Sunday, October 30, 2005

Getting Your La Las

Last night, Mr. J and I participated in one of the city's great institutions. We sang karaoke in K-town. Although Mr. J and his posse only joined us for the tail end of our singing excursion, I like to think that a grand 'ol time was had by all.

Plied with liquor and a healthy dose of weekend-humor, I generally like karaoke. Not the kind of karaoke where you belt out Blondie at a bar full of strangers, but Korean-style karaoke where you belt out Blondie to a room full of people you'll inevitably have to face again. It occurred to me last night, while Ms. L performed an admirably accurate version of 99 Red Balloons, there is something bizarre about karaoke in general.

Like most people, I can't sing. I occasionally sing in the shower or alone on the elevator, but even then, I'm aware of my serious lack of talent. Similarly, as much as I adore them, my collection of friends aren't exactly song birds either. Which is why it's absolutely mystifying that I inevitably find myself every few months in a dark room on 35th Street, trying to figure out how to get "American Pie" onto the play list. Within the safety of our karaoke suite, my cohort and I will wail to our hearts content. Not only do we treat eachother to truly astonishing Guns and Roses hits, we generally hoot in appreciation. When the karaoke gods will it, we also beat a mean tambourine. In our everyday lives, you probably wouldn't be able to pay any of us to (1) sing or (2) listen to exceptionally chilling renditions of 80s ballads. Which of course leads us to the wonder that is karaoke, where WE dole out $10/person to subject ourselves to both (1) AND (2).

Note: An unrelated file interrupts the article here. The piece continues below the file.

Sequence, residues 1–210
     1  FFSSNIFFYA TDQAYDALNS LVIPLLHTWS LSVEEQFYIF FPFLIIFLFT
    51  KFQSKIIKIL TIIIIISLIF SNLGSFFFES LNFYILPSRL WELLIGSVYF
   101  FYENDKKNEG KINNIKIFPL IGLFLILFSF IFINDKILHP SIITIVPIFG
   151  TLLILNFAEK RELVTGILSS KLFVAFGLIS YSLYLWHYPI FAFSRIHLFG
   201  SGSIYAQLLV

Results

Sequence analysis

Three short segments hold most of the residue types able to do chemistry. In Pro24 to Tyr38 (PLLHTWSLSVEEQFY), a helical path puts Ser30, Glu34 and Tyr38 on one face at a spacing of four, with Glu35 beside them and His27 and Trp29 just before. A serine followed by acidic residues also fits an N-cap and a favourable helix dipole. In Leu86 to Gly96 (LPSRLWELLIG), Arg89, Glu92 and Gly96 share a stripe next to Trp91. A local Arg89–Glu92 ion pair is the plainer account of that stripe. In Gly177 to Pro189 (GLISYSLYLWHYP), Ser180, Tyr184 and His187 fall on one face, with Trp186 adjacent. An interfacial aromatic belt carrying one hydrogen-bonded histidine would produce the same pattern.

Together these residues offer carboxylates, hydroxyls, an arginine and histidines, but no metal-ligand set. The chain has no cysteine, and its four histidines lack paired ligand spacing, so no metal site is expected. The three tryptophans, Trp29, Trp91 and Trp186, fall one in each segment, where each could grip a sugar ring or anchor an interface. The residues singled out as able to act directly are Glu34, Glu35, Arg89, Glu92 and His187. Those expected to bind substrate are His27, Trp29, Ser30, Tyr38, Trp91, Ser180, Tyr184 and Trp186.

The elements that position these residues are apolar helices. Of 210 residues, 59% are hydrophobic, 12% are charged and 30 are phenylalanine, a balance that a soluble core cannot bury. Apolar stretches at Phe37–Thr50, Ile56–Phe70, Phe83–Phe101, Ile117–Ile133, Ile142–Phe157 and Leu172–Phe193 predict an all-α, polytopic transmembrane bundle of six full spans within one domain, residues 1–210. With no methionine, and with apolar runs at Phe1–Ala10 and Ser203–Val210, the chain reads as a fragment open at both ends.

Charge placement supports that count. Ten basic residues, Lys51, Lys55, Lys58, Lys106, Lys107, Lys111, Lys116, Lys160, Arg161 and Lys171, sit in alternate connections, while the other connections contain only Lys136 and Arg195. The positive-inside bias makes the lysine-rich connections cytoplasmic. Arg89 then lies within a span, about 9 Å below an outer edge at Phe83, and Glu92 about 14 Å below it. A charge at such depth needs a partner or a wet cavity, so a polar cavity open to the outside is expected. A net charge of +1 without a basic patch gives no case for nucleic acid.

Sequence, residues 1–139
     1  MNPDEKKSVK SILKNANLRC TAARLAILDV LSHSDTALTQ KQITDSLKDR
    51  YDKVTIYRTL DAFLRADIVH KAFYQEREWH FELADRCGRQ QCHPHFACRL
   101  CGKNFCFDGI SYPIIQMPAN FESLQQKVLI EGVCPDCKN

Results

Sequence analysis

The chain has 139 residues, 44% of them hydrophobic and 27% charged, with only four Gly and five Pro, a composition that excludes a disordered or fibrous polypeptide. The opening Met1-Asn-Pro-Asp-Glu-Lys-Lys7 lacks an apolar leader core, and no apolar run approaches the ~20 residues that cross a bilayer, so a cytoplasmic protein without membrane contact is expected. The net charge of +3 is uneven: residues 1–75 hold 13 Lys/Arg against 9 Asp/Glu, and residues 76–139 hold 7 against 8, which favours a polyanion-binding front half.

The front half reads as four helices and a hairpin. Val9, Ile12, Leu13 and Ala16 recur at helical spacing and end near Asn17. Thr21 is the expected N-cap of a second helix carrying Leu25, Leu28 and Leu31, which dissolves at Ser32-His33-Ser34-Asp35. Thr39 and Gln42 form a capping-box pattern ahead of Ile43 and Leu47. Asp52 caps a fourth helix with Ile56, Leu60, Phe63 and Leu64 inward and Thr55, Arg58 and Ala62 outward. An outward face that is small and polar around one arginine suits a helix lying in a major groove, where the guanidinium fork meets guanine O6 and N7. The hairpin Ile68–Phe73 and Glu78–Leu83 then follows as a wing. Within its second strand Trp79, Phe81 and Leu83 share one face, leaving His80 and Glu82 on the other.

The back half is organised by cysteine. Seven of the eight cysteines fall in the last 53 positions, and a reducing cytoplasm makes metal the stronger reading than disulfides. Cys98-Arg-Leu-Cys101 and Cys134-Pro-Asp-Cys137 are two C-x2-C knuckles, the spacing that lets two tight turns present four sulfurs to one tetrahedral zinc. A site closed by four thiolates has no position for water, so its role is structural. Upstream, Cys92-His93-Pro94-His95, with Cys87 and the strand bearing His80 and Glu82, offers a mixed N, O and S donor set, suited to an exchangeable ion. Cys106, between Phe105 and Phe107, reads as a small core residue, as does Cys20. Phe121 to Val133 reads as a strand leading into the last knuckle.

Some may say that alcohol can lead a horse to pretty much anywhere, but I feel that's an oversimplification. There are a variety of other generally undesirable activities that have not taken off as weekend diversions. You never overhear drunken hipsters say, "Let's go downtown and take practice SAT exams!" No, there is something magical about karaoke that wins over the most resilient of us. If one could somehow distill down exactly the motivating factor, think of the possibilities. In the meantime, I will stick to my closeted renditions of Acqua's "Barbie Girl" in anticipation of my next moment in the spotlight.

Ms. J


Anonymous Anonymous said...

Sweeeeeeet Caroline, da da da...

7:18 AM  

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